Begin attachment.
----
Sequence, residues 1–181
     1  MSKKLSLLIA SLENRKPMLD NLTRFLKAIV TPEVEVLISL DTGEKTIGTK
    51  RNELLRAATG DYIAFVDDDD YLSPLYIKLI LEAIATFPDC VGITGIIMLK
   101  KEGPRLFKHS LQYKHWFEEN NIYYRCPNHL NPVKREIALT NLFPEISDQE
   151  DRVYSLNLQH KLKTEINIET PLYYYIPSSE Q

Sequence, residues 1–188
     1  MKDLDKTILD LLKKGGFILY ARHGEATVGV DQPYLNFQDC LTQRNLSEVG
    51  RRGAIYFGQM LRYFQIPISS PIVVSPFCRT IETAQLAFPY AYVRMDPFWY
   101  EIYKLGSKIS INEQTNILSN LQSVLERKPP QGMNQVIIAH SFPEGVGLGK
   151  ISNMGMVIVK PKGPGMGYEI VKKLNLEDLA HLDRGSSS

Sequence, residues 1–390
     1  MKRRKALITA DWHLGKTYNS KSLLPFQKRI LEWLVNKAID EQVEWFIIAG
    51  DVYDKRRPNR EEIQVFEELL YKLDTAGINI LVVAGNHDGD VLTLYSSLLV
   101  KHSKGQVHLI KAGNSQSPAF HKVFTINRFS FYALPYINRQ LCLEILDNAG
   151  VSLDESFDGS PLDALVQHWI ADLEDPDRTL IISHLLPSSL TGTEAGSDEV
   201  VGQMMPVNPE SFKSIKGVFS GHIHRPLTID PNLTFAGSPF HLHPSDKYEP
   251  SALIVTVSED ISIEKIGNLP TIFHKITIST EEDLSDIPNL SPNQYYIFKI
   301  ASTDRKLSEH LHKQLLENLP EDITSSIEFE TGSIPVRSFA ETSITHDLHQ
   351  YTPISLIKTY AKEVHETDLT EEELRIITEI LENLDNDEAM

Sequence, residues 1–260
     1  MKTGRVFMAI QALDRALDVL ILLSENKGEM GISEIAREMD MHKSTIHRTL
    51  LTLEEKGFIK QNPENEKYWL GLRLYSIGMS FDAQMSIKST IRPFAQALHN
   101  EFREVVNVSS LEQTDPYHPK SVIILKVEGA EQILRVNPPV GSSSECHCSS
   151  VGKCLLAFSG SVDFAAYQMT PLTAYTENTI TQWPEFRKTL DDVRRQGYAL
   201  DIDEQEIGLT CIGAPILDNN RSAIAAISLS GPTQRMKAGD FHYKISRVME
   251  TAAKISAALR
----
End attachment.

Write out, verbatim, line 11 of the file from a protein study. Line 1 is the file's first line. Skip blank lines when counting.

Sequence, residues 1–390